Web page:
CPS Principals Say Schools Are Filthy


A number of CPS principals say the new, privately-contracted custodial company isn't up to the job, and their schools aren't being cleaned properly. And principals fear it will only get worse, as Aramark announces custodial layoffs. 


The smell of sour milk, dusty lockers and bookshelves, and overflowing garbage cans—these are just a few of the complaints from principals in Chicago Public Schools who say the private company managing custodial services in their schools are not getting the job done.

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It's all gotten the attention of CPS and the mayor's office in recent days.

A sub-organization of the Chicago Principals and Administrators Association conducted a survey near the end of the summer of 230 principals on the quality of the custodial services they were receiving from the two companies contracted by CPS: Aramark and Sodexo.

The group is called the Administrators Alliance for Proven Policy and Legislation in Education (AAPPLE).

The organization’s Chair Troy Laraviere said he began noticing a problem at his own school, Blaine Elementary, then began to hear much more from teachers during professional development sessions over the summer.

Watch an interview with LaRaviere:

 

That's what sparked the interest in the survey, which found most principals noticed a big change in the level of custodial service they were receiving.

Principals have also complained about garbage cans not being emptied, bathrooms weren't being sanitized, and the smell of sour milk or urine permeated parts of some schools.

The principal of Morrill Elementary sent Chicago Tonight pictures of trash inside the fire alarm and a dead mouse on a mouse trap that apparently hadn't been cleaned up.

View a slideshow of the sanitation complaints:

 

Hanson Park Elementary in the Belmont-Cragin neighborhood has about 1,600 enrolled students. The principal introduced us to a janitor who just started at Hanson Park last week and had just been told he'd be at another school by the end of the month.

Many principals have complained that there's a rotating crop of custodians coming through their schools, and they often can't even find out who they are.

Many teachers said they've started to do the extra cleaning themselves.

And they're concerned that it's only going to get worse. Aramark recently announced the layoffs of 468 custodians.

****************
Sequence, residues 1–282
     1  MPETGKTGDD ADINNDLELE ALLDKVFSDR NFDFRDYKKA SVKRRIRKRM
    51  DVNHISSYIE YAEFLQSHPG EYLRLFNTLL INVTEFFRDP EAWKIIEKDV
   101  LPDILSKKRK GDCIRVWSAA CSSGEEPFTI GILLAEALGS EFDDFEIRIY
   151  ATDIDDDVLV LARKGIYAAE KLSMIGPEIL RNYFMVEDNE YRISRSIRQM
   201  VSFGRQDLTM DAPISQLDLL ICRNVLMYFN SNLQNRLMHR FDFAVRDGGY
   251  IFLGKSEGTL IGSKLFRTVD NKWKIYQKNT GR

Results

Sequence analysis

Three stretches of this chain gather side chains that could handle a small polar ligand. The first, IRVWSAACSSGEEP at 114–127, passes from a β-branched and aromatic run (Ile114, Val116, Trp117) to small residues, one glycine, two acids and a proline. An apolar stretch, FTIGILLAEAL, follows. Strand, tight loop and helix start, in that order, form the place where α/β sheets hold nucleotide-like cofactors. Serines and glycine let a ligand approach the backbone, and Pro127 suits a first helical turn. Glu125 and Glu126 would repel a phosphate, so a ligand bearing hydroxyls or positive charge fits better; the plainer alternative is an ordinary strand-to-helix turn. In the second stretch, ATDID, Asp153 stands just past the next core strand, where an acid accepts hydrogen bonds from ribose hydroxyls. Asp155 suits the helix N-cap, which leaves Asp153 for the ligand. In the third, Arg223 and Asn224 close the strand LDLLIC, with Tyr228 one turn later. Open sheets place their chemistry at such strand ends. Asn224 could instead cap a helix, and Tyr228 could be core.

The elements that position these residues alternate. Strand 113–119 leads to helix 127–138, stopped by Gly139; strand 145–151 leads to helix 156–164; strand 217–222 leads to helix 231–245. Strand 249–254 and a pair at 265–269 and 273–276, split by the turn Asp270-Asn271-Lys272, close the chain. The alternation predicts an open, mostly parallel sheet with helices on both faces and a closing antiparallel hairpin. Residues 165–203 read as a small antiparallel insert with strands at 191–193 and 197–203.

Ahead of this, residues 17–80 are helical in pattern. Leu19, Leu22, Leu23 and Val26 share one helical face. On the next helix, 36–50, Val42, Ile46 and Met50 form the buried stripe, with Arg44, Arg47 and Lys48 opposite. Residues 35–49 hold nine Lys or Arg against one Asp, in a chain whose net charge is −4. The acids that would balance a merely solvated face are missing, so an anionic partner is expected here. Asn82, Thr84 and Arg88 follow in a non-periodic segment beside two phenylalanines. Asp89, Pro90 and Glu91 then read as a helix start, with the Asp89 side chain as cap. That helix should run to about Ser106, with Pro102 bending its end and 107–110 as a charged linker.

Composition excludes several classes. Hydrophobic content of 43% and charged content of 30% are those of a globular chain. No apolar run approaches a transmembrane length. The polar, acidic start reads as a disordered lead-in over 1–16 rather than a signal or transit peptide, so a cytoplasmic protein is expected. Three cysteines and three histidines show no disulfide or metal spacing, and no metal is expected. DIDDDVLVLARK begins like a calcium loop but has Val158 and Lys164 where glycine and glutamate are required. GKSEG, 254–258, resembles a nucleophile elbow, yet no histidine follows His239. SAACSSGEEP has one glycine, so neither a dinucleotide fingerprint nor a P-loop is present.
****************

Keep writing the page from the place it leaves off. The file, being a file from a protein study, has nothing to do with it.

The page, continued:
So for schools like Hanson Park, for example, where there’s a staff of six custodians are expected to lose up to three janitors.

CPS and the local that represents the custodians, SEIU Local 1, released the following statements in response to the recent layoffs by Aramark.

"While the majority of schools enjoyed a smooth transition, CPS officials are working closely with Aramark to address the transition issues and Aramark is bringing in more than 50 custodial staff at its own expense to ensure our schools have the clean, comfortable learning environment that our students deserve."

-CPS Spokesman Bill McCaffrey

 “SEIU Local 1 has told Aramark in our ongoing discussions that while the company's plans do create some efficiencies, when it comes to the janitors, Aramark's cuts run way too deep to maintain the same level of cleanliness. Local 1 can work with Aramark and principals on a number that enables schools to be maintained at their previous level of cleanliness.”

-SEIU Local 1

Aramark told Chicago Tonight in a statement that they understood the concern and will do their best to continue to provide efficient service despite a smaller pool.

"We recognize the importance of a smooth transition and are meeting with every principal in the district to address their concerns, as well as review our program, which we have placed at hundreds of school districts across the country. We have been training all CPS custodial staff on new equipment, environmentally-friendly cleaning techniques, and are confident this program will deliver the results and savings promised..."

-Aramark

The mayor's office has yet to release an official statement, but they've said publicly that they're looking into the issue and that these problems are unacceptable.

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